xt73r20rsd8j https://nyx.uky.edu/dips/xt73r20rsd8j/data/mets.xml   Kentucky Agricultural Experiment Station. 1942 journals kaes_circulars_003_388 English Lexington : The Service, 1913-1958. This digital resource may be freely searched and displayed.  Permission must be received for subsequent distribution in print or electronically.  Physical rights are retained by the owning repository.  Copyright is retained in accordance with U. S. copyright laws.  For information about permissions to reproduce or publish, contact the Special Collections Research Center. Kentucky Agricultural Experiment Station Circular (Kentucky Agricultural Experiment Station) n. 388 text Circular (Kentucky Agricultural Experiment Station) n. 388 1942 2014 true xt73r20rsd8j section xt73r20rsd8j CLOTH ING Project For LI--I-I Clubs   r
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 $*7   V``'  C _ Circular 388  
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EXTENSION SERVICE _ A Thomas P, Cooper. Dean and Director

The following nine projects ol clothing work are available
to »1-H Club girls:
- Sewing—A New Ye-nture
School Frocks
Sleeping or Lounging Ensemble j
Play and Work Clothes [
Dress-Up Costume  
»l-H Girl`s Formal Dress
Semitailored Cottons and Ravons i
Tailored Suit or Ensemble { l
Bringing Your \\'ardrobe Up-to-Date
()nly one pro_ject should be undertaken within any one year
ol #l-H club work. A girl starting in 4-H work with no experience ’ j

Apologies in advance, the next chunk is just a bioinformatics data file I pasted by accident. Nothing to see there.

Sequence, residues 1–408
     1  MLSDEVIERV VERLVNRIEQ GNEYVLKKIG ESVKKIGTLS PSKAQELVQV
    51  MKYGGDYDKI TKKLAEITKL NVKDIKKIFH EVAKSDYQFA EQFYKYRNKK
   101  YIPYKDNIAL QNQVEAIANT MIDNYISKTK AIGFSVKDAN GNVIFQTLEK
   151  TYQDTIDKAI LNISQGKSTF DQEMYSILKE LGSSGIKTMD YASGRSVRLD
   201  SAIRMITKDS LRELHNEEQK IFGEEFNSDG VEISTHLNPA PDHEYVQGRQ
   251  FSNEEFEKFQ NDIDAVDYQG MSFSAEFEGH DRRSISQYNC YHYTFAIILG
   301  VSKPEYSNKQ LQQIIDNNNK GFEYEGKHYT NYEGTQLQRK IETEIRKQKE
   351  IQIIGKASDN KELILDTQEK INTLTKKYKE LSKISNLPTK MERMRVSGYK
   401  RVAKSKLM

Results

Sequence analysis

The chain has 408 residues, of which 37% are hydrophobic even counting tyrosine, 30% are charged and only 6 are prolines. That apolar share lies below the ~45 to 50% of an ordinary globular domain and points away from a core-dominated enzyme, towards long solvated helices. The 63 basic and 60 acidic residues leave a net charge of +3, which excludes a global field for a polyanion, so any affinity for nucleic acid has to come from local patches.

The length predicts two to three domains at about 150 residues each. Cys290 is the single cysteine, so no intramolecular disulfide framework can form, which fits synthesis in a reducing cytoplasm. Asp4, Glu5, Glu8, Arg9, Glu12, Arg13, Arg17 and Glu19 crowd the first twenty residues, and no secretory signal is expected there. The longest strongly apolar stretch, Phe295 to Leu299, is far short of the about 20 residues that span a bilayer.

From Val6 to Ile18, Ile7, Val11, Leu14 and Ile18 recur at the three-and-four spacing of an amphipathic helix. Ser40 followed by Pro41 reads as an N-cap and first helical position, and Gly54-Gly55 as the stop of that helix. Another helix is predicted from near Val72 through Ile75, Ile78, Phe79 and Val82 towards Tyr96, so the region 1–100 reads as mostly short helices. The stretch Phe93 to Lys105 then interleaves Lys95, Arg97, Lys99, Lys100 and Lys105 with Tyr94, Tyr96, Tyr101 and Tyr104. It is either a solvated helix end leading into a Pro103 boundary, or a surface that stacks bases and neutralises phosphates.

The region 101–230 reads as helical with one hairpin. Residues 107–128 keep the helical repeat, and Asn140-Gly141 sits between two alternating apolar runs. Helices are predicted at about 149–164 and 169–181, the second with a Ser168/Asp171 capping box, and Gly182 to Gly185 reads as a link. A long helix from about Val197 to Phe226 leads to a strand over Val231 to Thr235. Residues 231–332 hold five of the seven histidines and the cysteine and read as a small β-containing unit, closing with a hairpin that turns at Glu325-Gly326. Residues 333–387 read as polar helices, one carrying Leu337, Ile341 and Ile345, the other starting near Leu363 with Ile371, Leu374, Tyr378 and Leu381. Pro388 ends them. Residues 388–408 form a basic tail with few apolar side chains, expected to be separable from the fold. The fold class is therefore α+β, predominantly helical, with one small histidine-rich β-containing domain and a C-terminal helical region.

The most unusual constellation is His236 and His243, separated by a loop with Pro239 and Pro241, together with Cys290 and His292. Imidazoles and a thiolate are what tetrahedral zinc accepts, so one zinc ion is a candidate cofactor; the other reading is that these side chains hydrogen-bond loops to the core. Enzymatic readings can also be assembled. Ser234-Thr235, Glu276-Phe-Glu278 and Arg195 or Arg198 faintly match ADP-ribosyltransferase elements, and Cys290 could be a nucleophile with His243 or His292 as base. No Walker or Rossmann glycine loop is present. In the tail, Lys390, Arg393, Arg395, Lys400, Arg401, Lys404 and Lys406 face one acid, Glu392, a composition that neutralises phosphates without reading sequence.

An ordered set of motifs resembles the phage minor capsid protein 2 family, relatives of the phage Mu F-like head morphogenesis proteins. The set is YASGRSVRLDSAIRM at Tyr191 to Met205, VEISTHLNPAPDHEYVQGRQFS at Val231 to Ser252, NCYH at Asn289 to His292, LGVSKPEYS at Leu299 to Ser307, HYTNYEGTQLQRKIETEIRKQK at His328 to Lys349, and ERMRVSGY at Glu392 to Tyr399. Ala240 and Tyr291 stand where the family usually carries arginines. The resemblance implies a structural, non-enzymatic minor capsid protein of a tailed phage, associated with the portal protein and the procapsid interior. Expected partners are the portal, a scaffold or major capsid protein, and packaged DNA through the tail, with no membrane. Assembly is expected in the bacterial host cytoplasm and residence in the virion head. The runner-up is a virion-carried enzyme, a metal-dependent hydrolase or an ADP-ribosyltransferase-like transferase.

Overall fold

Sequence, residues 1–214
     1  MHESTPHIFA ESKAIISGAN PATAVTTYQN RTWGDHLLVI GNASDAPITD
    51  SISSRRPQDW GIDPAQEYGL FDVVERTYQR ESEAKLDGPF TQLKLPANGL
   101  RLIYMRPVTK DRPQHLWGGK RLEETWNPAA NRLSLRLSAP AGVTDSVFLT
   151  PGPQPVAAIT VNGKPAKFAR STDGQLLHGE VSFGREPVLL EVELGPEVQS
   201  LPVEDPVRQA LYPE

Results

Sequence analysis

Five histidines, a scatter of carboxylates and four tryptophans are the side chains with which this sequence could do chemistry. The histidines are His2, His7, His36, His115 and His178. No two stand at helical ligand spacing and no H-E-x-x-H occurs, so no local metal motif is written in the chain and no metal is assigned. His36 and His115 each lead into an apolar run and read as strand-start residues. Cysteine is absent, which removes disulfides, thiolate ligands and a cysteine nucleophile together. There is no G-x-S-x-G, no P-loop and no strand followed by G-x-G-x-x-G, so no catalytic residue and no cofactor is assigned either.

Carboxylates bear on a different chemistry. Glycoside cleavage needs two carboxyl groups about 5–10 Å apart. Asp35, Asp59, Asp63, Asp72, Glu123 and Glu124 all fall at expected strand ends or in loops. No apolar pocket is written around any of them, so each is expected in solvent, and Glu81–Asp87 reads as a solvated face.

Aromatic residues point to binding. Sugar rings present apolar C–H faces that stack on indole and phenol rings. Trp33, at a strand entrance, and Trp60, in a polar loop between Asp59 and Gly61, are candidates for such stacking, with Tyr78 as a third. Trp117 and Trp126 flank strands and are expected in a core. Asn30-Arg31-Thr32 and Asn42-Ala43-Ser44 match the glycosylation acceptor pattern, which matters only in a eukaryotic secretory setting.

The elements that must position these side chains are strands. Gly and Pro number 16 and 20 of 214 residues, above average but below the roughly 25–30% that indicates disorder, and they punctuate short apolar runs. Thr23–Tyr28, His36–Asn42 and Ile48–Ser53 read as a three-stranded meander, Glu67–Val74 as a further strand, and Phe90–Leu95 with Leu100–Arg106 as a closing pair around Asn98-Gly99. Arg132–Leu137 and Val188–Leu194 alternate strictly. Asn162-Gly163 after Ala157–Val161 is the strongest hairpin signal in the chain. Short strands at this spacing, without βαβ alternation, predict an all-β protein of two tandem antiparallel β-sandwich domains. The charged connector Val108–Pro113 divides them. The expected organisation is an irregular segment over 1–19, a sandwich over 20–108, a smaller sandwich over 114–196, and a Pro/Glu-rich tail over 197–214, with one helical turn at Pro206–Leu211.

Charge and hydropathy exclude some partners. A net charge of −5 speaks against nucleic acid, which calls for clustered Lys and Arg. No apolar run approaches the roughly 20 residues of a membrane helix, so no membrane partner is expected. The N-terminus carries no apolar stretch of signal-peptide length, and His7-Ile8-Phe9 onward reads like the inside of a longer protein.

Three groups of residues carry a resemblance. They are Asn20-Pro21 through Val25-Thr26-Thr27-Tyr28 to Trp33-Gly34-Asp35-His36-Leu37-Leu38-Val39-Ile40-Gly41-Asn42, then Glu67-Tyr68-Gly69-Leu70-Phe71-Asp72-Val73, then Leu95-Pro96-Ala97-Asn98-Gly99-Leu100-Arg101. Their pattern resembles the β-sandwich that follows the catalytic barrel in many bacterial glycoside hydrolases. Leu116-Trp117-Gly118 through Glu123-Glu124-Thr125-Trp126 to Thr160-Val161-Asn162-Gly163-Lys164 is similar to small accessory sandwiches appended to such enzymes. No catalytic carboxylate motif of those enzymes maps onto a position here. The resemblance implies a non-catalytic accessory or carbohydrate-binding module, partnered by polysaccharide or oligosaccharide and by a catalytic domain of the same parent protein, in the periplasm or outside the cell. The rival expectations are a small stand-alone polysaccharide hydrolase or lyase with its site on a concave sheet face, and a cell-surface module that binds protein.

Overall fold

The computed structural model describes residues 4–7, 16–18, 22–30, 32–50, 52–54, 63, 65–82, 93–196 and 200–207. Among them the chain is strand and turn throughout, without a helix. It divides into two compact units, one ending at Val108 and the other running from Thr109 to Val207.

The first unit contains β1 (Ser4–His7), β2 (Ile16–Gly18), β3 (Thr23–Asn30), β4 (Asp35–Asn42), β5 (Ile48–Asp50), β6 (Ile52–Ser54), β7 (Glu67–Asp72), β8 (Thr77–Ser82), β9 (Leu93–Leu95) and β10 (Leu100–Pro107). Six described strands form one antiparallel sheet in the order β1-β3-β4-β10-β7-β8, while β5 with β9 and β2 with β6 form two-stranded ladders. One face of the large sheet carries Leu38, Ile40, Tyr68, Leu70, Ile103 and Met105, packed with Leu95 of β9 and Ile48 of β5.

in sewing should take the iirst pro_ject ("Sewing-—a New Ven
ture") the first year and "School Frocks" the second. Alter com-
pleting these she may choose either one ol the next two ("Sleep—
ing or Lounging Ensemble" or "Play and \1Vork Clothes"). The
next three (‘Dress-Up (lostume," "¢l-I-I Girl’s Formal Dress" and
“Semitailored Cottons and Rayons") may be taken in any order. ` j
depending on the girl's wardrobe needs.
'l`he last two ("Tailored Suit or Ensemble" and "Bringing
Your Wardrobe Up to Date") may be taken in the order desired.
They are lor girls above the average in sewing skill and planning
knowledge, and should be taken only when the other project
retjuirements have been completed.
Girls who have had some experience in sewing belore en- j
rolling in —l-H clothing projects may, upon approval ol` the
leader. or agent. start with the second group, then follow lll? ii (
order given above.
· i
Lexington, Kentucky I
October, 1942 l